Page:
Preliminary design phase. Fittingly, preliminary design starts with a one-line power distribution drawing that locates the electrical arteries of the hospital, calculates projected base power loads and locates such electrical infrastructure as unit substations, generators, transformers, bus ducts, panel boards and auto transfer switches. Also factored in are the location of major power-consuming infrastructure equipment such as chillers, boilers and pumps, as well as the lines that supply them and their output lines and ducts. Gaps where electrical service appears to be insufficient are identified and filled.
The basic plan is then elaborated with secondary arterial detail for the following:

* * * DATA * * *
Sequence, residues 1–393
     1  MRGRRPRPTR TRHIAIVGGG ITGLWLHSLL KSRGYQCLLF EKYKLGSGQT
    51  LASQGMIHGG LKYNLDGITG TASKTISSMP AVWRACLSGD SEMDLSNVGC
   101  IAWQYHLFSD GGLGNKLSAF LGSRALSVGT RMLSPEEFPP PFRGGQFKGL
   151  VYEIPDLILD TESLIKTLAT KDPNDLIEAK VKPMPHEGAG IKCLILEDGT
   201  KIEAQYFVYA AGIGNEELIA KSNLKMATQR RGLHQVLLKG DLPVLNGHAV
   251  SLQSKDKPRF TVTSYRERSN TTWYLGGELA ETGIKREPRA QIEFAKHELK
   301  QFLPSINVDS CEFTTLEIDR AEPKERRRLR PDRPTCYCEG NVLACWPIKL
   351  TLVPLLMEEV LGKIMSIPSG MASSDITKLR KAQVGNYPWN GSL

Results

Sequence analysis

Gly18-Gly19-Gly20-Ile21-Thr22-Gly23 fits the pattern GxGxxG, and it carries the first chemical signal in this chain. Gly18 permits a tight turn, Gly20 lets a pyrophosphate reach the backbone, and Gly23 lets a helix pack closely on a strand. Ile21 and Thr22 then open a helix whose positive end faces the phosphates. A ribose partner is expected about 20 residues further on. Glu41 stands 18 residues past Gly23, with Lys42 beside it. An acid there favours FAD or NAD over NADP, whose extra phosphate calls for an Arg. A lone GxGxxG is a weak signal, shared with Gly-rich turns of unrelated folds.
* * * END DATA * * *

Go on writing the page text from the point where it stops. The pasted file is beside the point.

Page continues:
• Interior and exterior lighting;
• Special systems such as fire alarms, security and closed circuit televisions, card key access, medical gases, public address system, nurse calls and telemetry;
• Telephone and data network wiring; and
• Grounding and lighting protection.
Computer-based building information modeling (BIM), in which every conduit, junction box and drainpipe is drawn virtually in three-dimensional detail before permit drawings are completed, is central to the preliminary design phase. It is also central to the best practice of electrical lean construction.
After preliminary electrical and allied plans are reviewed, modified, re-reviewed and refined, the engineer creates and issues permit drawings to the multiple AHJs. Following sign-off from all, final design documents are created, sealed and distributed to involved parties and issued for construction.